I started my own company after a number of years as a salaried employee in media. Ran that for a decade, merged it into TCI, became the chief executive of TCI and Liberty Media. And we merged into AT&T and I ran AT&T broadband for a while. And but a dozen years ago, I resurrected my investment company in media, of which you're a proud partner. And it's an industry that has probably Eddy involved more dramatically than any industry other than perhaps the finance industry, which are many of your own roots. And so you have two concurrent obligations. One is to run your assets well, but also to look ahead in an insightful sensitive fashion to an industry that just is changing under your feet every day.
ABBAS F. "EDDY" ZUAITER: I want to go back and just a couple questions, because I think leadership qualities are probably the most understated of a CEO of someone who runs a business, because you really are not only an allocator of assets, you're really someone who sets the vision and an allocator of people. Explain to me why did you go to the military? Tell us a little bit about that.
LEO HINDERY: Well, I was going to be drafted and I enlisted in the army. I didn't want to just be drafted. The war was on in Vietnam.
ABBAS F. "EDDY" ZUAITER: So you volunteered?
LEO HINDERY: I didn't go to Asia. I was given an intelligence position. And did my 2 years and then after that, went to Stanford Business School. But to the heart of your question, I wrote a book about this. I entitled it, It Takes a CEO. I think you're born to be a CEO. You can aspire and successfully attain other roles in industry. You can always work for somebody else.
But if you're going to be the CEO, it takes this particular skill set. And often, it's not a pervasive skill set. It doesn't always survive over extended periods of time. You overstay your welcome at some points. But you take a Winston Churchill, a checkered history prior to the Second World War, and clearly born for a moment in time to save us from fascism. And I feel that sometimes industry is the same way that the real fun for me has always been in the tricky situations, the ones that are profoundly challenging. I assume I'm supposed to run things well. That's a presumption that you have to make about yourself, that why in the world would you have these titles if you weren't by nature, a good operator.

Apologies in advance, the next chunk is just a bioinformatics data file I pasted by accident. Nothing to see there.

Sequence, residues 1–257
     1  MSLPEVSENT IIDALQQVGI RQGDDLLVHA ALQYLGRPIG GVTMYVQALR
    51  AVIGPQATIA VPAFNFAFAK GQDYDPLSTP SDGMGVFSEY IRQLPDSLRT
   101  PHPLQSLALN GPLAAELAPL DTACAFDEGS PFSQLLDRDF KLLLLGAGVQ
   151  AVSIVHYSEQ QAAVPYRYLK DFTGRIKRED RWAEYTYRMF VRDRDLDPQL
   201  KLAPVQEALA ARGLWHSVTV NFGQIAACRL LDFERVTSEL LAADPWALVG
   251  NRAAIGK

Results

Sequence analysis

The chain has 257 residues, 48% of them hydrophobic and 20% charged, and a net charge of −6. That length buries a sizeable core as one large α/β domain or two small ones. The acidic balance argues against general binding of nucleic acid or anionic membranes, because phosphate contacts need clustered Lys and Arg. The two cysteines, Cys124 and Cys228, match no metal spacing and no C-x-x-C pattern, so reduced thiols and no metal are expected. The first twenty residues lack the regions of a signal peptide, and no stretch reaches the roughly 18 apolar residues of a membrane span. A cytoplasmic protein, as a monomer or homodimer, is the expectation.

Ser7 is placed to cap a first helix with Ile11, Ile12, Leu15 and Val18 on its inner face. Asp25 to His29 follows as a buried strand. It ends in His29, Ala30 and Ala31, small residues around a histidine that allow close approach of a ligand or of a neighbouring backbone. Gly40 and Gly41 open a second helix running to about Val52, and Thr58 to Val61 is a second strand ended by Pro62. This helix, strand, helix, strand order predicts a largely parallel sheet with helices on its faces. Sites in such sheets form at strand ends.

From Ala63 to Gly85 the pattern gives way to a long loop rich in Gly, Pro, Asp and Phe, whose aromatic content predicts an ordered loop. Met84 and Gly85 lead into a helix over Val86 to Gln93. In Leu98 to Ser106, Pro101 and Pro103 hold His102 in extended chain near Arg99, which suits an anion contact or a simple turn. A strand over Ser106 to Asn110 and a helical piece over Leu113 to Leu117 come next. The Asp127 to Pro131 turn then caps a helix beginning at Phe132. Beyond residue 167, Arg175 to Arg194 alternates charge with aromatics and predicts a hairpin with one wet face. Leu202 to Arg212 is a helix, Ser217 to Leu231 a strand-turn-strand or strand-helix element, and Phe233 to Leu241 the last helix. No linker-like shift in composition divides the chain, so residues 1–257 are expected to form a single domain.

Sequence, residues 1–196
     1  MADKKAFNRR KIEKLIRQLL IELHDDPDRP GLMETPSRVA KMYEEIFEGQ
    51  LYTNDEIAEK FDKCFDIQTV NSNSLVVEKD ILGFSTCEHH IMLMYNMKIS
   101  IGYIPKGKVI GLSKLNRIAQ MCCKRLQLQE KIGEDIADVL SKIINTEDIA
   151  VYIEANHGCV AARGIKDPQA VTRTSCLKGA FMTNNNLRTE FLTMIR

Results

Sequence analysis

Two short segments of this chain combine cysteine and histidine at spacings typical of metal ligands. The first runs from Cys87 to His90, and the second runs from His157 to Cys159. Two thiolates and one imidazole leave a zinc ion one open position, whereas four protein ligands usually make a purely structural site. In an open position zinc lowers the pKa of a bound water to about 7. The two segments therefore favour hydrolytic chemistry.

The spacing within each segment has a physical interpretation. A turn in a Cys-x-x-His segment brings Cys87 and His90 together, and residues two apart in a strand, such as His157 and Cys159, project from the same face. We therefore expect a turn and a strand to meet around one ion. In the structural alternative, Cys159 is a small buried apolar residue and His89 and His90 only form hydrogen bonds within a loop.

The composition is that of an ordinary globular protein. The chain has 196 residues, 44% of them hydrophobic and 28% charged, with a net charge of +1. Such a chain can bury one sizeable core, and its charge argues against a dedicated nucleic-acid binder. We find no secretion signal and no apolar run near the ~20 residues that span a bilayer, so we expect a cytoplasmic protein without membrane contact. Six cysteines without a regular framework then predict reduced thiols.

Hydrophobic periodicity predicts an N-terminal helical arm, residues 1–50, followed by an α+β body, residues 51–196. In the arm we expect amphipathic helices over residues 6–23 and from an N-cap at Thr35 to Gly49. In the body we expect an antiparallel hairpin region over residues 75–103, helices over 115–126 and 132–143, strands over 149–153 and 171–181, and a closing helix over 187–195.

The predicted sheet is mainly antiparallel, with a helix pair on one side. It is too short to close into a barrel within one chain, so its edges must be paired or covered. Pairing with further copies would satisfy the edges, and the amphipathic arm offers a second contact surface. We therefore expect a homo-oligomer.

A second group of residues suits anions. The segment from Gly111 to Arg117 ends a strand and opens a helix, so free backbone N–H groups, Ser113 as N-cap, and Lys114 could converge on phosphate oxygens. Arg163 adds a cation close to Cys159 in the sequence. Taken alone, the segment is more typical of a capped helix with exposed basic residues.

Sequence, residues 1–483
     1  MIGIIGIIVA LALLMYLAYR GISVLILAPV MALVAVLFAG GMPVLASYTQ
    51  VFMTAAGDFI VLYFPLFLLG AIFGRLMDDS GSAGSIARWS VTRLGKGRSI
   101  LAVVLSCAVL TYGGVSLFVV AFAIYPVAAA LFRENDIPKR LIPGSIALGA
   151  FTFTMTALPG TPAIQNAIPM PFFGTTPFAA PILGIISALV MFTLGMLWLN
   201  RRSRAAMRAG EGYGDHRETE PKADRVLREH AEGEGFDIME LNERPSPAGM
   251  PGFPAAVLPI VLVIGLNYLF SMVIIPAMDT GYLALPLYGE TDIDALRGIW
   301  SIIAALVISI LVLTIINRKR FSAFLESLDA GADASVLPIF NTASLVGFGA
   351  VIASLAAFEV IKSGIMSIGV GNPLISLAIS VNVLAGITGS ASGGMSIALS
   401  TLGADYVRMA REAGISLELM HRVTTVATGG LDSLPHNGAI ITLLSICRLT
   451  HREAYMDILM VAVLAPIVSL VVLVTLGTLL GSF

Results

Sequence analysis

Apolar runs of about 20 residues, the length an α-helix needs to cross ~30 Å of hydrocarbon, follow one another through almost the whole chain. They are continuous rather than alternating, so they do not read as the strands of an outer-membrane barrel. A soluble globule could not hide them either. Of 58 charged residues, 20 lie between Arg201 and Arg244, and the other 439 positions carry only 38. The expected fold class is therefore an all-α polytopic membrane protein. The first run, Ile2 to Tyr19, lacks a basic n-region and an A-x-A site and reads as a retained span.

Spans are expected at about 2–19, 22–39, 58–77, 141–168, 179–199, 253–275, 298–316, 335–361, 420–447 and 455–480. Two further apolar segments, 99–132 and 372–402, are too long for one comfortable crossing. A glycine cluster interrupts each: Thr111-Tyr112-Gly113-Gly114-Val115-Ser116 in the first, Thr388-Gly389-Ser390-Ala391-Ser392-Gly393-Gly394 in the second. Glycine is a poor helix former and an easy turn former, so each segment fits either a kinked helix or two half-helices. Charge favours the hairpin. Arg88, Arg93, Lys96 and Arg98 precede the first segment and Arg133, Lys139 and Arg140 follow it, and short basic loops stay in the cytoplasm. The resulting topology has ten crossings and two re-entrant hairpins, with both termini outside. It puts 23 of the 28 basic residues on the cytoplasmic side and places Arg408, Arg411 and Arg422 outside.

But I think the point of your question is the one that intrigues me, which is it's not just being an operator, you have to have a vision. You have to advance thousands, in some cases, 10s of thousands of women and men to a common objective gladly. They want to be there of their own volition. You don't drag people into positions, you encourage them to aspire to greatness, and then you lead them there. And your role is to help them lead. Help them lead, not just your own leadership, but then also to see ahead.